A modern take on the world’s first electrical instrument.
Tools: C++, Arduino
Read the article published in Circuit, musiques contemporaines.
Telharmonium 2.0 is an electro-mechanical sound installation by Xavier Ménard and Camille St-Amand, first presented at the Festival International de Musique Actuelle de Victoriaville (FIMAV) in May 2019. For this project, I was in charge of everything software-related, which consisted in programming the Arduino sketches necessary to run the installation.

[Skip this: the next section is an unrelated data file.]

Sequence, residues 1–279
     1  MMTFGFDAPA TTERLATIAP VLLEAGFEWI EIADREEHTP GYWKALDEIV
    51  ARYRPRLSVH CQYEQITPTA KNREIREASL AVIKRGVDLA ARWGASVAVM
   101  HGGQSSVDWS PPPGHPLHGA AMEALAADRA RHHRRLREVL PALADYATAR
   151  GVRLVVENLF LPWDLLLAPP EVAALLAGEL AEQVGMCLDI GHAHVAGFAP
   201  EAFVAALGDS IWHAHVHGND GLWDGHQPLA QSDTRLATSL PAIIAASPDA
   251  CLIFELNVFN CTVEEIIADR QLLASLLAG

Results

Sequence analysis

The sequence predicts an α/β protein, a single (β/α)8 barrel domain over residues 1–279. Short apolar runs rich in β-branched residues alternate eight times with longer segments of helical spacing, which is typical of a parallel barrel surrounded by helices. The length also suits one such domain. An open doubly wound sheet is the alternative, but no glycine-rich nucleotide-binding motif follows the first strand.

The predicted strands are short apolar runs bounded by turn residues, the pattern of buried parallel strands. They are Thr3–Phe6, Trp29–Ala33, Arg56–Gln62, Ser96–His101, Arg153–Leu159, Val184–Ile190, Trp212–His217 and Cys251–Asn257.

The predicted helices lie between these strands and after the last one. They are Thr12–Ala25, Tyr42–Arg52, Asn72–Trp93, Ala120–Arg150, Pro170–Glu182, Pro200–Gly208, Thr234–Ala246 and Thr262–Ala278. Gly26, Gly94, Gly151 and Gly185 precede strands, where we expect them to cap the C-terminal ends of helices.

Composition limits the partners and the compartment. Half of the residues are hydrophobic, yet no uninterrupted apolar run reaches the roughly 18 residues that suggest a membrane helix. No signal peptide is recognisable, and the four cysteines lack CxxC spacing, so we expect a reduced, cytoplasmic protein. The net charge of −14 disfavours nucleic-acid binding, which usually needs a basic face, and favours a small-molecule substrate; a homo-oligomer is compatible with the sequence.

The installation is inspired by the original instrument invented by Thaddeus Cahill in 1867. It is comprised of three modules, each assigned to a specific musical function (bass, melody and drums) and each equipped with small DC or stepper motors.
Users can control the speed of each motor using knobs and push buttons located on the modules themselves. When a module is being idle for more than 30 seconds, it instantly switches to an “automatic” mode. In this mode, each module adjusts its motors’ speed on its own, according to musical phrases received from a fourth “sequencer” module over WiFi, using the OSC protocol.
Each motor (7 in total: 1 DC for bass, 3 DC for melody, 3 steppers for drums) is amplified with contact microphones. Each motor is also coupled with a small LED strip that blinks periodically, at a rate that matches the motor’s speed.